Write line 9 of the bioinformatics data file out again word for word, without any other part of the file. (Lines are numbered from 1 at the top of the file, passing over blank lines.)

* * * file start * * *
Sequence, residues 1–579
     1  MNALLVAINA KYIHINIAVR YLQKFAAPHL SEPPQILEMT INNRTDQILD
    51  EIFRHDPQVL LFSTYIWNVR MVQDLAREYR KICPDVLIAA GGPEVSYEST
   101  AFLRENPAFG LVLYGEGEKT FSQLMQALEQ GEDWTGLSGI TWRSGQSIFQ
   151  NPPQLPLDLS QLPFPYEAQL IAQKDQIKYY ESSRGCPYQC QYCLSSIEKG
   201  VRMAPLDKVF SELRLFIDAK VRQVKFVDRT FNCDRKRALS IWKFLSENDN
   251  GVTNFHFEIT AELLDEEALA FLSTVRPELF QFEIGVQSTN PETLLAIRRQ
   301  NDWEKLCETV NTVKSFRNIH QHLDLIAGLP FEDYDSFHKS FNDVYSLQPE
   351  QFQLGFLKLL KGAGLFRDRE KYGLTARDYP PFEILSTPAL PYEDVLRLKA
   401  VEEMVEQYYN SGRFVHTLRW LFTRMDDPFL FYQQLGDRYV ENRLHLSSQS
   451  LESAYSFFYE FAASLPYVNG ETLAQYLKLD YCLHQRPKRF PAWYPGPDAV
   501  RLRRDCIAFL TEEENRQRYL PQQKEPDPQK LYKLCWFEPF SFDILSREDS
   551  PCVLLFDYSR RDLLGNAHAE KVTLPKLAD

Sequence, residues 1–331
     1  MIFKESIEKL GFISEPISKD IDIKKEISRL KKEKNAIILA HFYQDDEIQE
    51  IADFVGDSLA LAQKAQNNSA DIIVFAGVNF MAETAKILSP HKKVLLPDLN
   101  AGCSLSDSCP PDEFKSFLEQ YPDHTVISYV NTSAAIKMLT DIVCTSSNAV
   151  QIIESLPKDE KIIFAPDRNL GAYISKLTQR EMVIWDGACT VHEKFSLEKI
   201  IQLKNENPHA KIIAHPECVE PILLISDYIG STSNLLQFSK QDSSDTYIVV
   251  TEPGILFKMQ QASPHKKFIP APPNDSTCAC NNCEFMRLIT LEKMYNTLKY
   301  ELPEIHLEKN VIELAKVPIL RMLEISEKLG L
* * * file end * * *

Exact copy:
   351  QFQLGFLKLL KGAGLFRDRE KYGLTARDYP PFEILSTPAL PYEDVLRLKA